Cryptocurrency often gets a bad reputation due to its potential environmental impact, its novelty, and its unusual origins. In 2020, only one percent of financial advisors recommended that their clients invest in any form of cryptocurrency. However, 2020 was a completely unprecedented year for the market in more ways than one.
The market’s crash in 2020 and the newfound interest in digital investments of the past 18 months have made crypto less of a question mark and more an investment opportunity, according to some experts. Others, however, warn that the new form of money is too volatile and new to be a sound investment, comparing it to the “Wild West.” Is Bitcoin the new gold rush? Or is the blockchain too risky for the average investor? Financial experts from Goldman Sachs, as well as Nobel-prize-winning economist Robert Shiller, weigh in this week.
What Is Crypto?
Cryptocurrency is a form of authorization that generates a unique digital token. Typically, this occurs in the form of “mining,” where a Bitcoin “miner” uses their computer’s graphics card to solve a complex math problem. By doing so, the miner uses a considerable amount of electricity. The idea is to make their power bill significantly higher to offset the gains they get when their system solves the problem and yields a digital coin.
These coins are then tracked by the blockchain, a series of networked exchanges that record the movement of every single coin in a given currency system. In theory, the blockchain is impossible to spoof, so the unique digital coins can’t be replicated and spent by someone who doesn’t actually have them.
The main concerns regarding crypto among regulators are its environmental impact and the anonymous nature of the currency exchange. Environmentally, cryptocurrency draws down considerable electricity while not actually creating anything of material value. Meanwhile, criminals can use cryptocurrency to engage in illegal sales or contraband without worrying about law enforcement tracking them.
What Do Financial Advisors Think of Crypto?
Some financial advisors have recently noticed their clients becoming more knowledgeable about crypto than they are. This is a bizarre moment for the market, as crypto investing is so new that many financial experts are still trying to learn about it.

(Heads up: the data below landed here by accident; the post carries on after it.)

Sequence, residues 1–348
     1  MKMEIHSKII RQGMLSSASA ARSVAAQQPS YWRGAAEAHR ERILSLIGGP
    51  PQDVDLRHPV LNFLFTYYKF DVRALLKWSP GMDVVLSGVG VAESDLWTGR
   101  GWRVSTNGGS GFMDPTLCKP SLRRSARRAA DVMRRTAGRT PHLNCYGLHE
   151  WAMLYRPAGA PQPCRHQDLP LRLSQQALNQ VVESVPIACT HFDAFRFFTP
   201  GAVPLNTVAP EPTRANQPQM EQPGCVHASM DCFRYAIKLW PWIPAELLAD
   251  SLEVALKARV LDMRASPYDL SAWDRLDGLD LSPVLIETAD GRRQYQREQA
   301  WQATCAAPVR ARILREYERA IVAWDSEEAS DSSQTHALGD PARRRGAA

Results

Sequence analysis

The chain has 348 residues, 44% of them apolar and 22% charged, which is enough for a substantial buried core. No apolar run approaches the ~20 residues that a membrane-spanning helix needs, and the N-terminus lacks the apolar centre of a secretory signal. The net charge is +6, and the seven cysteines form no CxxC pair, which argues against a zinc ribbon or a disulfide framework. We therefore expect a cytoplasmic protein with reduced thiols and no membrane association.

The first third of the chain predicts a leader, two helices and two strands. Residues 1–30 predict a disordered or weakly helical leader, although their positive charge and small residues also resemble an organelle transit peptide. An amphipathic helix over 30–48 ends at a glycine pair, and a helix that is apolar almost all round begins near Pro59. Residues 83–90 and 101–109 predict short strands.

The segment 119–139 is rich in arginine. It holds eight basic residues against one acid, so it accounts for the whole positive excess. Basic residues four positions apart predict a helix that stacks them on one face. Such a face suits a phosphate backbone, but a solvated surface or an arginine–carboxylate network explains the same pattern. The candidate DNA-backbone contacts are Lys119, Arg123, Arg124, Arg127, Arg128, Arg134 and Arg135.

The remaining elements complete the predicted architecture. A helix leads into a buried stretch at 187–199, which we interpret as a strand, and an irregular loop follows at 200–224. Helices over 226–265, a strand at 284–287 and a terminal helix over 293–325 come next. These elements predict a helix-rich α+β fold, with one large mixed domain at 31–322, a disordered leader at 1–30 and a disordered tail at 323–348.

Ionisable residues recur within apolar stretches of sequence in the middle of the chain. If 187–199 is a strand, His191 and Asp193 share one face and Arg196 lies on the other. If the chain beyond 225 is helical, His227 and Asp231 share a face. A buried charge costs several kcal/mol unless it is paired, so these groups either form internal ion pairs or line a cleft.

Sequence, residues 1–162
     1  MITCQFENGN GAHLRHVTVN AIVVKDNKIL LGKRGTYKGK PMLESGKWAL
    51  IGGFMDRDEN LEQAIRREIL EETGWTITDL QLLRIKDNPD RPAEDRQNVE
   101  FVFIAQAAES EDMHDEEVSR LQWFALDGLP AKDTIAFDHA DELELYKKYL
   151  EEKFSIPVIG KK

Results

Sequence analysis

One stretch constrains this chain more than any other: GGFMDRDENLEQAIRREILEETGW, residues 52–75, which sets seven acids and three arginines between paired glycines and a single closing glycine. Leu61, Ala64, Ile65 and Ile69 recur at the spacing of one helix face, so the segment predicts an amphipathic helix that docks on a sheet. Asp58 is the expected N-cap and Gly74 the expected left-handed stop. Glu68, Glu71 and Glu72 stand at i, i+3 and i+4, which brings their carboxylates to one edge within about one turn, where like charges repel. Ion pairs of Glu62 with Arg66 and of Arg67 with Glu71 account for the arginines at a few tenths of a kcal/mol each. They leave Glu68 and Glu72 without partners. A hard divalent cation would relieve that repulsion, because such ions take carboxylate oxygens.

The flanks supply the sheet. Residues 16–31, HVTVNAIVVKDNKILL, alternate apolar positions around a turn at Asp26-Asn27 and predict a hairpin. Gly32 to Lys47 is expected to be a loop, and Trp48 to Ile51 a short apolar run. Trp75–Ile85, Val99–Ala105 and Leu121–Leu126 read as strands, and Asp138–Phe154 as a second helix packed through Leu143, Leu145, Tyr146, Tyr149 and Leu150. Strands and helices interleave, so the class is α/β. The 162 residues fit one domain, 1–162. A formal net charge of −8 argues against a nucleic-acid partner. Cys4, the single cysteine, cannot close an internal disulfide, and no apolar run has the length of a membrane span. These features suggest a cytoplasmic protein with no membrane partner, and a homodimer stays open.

“Anytime something becomes increasingly adopted that the price increases exponentially, and we’re starting to see that with bitcoin, and other cryptocurrencies, and I think that’s another bull case,” says financial advisor Ivory Johnson.
Today, financial advisors are trying to figure out ways to incorporate their clients’ crypto assets into their portfolios. For years, crypto has been under the radar. Amateur enthusiasts have driven the conversation around crypto, with little input from financial advisors. Now, many advisors are feeling the pressure to weigh in and bring some legitimacy to the conversations surrounding digital currency. But is there any legitimacy to be found in this strange new form of currency?
Expert Voices Concerns
Robert Shiller, an award-winning economist, spoke with CNBC’s Trading Nation on Friday to voice his concerns with the current state of the market. Shiller noted that crypto is ultimately very hard to pin down.
“That’s a very psychological market. It’s impressive technology,” Shiller told CNBC. “But the ultimate source of value is so ambiguous that it has a lot to do with our narratives rather than reality.”
One could argue that the same is true of paper money issued by a government, but cryptocurrency is another step removed from the type of fiat money that we’re all used to seeing. Federal Reserve notes, for instance, have the backing of a legitimately powerful institution: the US government.
Bitcoins have the backing of people who own Bitcoins, but no central bank guarantees their value. Shiller himself mentions that he’s thought about buying into crypto but has been hesitant. He may have even dodged a bullet. Friday, at the close of trading, Bitcoin was down thirty percent over the past two weeks.
Is Bitcoin a Good Investment?
The strength of Bitcoin, the most popular cryptocurrency, is a good bellwether for the state of crypto as a whole. And, generally speaking, investors are not confident about Bitcoin right now. The People’s Bank of China issued a warning against investing in Bitcoin, leading to the currency’s recent slide.
In the US, the opinion is similarly negative among established hedge fund managers. A recent survey from Goldman Sachs found that Bitcoin was the least favorite investment of the majority of CIOs they spoke to.
In spite of its unpopularity with Wall Street, Bitcoin remains extremely popular among amateur traders. Reports indicate that Bitcoin is currently one of the most traded assets on the market.
So, is Bitcoin a good investment? It’s new, it’s volatile, and it’s always on the edge of shooting up in value or crashing. Analysts are advising would-be investors to do their research. If you want to invest, be conservative about how much you’re willing to sink into such an unstable asset.